“I appreciate the best, but I’m settling for less, I’m looking for the next best thing.” – Warren Zevon
Ordered (aka ‘kindlized’) a book last night based solely on the title, or you might say – I judged by the cover, that this book might be worth a read. The Complacent Class: The Self-defeating Quest for the American Dream, by Tyler Cowen, Economics Professor at George Mason University.
I was thinking, after I heard the title of the book mentioned, “have I become complacent?” And if so, how did I get there? I know I haven’t always been complacent, satisfied with whatever and/or wherever, content not to push harder, dig deeper or challenge myself and others. I remember times in my life when I viewed the ‘status quo’ like Roger Bannister viewed the 4-minute mile – as something that had to be broken!
Truth is – there are areas of my life where I’m very content, even willing to accept 2nd (or 9th) place. Is that bad? I mean, I don’t have to prove my point in every situation anymore, I don’t have to win every argument or beat every traffic light. Not everything is a competition. And when it comes to dealing with, shall we say ‘irregular’ people, I’ve learned to heed the advice I’ve given to countless others over the years “never rassle with pigs, you both get dirty and the pigs like it.”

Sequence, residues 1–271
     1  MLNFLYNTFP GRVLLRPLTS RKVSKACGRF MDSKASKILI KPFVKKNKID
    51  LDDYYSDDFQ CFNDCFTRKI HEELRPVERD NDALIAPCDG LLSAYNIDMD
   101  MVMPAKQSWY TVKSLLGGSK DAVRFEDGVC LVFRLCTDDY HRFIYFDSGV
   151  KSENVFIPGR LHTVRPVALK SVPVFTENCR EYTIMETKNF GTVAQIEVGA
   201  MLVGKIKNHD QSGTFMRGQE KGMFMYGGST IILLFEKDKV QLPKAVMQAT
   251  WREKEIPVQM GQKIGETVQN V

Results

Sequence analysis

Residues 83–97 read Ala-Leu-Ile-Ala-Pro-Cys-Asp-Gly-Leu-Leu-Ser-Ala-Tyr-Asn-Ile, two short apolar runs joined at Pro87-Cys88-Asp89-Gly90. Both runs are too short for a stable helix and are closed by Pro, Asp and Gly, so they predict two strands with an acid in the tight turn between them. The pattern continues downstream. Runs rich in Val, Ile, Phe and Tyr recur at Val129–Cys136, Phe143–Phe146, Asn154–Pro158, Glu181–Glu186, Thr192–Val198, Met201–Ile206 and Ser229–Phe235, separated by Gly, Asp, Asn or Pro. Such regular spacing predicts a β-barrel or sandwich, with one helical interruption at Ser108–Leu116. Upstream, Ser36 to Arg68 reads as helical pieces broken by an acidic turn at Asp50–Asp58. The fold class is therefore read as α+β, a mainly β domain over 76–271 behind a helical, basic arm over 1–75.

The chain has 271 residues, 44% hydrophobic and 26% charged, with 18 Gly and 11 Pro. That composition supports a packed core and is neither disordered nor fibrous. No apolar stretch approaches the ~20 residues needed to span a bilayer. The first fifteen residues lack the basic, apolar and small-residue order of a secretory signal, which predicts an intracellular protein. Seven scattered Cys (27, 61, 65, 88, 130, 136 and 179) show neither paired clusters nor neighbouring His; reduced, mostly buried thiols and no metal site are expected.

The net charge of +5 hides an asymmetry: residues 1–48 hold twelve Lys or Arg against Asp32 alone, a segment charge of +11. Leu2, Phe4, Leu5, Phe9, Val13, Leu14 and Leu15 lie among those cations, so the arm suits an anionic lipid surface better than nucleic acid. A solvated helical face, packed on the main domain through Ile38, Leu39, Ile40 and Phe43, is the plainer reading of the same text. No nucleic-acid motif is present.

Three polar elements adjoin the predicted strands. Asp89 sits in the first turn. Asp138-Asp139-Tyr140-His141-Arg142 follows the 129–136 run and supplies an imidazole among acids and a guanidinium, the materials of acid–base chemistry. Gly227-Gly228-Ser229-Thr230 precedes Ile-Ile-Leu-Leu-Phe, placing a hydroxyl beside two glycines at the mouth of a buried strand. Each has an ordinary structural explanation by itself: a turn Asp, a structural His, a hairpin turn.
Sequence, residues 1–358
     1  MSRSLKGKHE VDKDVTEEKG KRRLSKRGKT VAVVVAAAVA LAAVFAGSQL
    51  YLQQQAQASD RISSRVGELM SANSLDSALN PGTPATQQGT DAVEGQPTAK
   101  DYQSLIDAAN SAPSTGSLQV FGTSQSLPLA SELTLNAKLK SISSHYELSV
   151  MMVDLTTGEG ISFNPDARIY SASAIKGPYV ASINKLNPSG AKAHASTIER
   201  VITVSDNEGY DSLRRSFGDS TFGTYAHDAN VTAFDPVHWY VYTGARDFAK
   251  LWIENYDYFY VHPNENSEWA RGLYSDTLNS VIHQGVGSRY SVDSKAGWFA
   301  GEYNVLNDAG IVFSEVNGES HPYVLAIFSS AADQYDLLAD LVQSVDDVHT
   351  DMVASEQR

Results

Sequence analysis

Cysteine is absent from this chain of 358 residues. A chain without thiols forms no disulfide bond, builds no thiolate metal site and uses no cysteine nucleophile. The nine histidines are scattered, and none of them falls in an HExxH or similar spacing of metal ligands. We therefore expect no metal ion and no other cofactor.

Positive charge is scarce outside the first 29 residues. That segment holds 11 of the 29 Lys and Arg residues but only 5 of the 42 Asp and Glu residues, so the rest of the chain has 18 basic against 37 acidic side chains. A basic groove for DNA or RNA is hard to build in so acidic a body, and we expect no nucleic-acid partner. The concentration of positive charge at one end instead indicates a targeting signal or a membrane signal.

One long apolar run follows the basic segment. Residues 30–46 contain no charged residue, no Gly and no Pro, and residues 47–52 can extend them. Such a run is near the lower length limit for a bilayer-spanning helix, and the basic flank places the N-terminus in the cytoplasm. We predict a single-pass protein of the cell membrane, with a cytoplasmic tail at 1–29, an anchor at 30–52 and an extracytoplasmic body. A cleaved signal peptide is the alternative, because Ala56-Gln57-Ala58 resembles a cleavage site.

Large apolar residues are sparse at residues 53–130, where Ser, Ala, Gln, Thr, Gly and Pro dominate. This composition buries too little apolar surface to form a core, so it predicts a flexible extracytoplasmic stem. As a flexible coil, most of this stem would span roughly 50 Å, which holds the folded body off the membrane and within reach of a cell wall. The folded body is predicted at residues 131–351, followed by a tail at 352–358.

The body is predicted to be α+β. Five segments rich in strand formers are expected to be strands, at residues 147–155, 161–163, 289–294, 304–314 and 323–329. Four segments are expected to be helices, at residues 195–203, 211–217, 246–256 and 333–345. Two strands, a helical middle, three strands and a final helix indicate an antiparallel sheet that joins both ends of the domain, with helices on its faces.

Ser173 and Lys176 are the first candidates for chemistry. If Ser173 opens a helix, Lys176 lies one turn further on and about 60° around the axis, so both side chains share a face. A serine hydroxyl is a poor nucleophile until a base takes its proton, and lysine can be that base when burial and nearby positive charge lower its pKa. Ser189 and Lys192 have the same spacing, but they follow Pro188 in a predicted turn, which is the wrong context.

Maybe the ‘next best thing’ is OK, right? Just to be content, with whatever, after all, it’s biblical, right? I mean, the Apostle Paul said “For I have learned, in whatsoever state I am, to be content therewith.”
Well, no, just the fact that Paul feels he needs to mention it tells me that ‘contentment’ is something that we humans don’t excel at. It’s a coping mechanism, but certainly not a license to stop trying.
There are areas in my life and work that I’m not satisfied with, complacency threatens to keep me right where I am. By nature I have a bias toward action, I have all manner of scars to prove it too! Complacency diminishes and stifles my true self. Yes, complacency might also spare me some pain and new scars, but I’m not convinced that the trade is fair.
So, I was thinking…am I the only one considering the dangers and benefits of complacency. What do you think? Complacency good? Complacency bad? 50/50?
I know this, the more I look at the areas of my life where complacency has set in… the more I don’t like it.
I have an 11 hour plane ride in about a week that should be sufficient to devour the 200 or so pages of the book, I think I know what direction the author is going to go, but I’ll report back, just in case.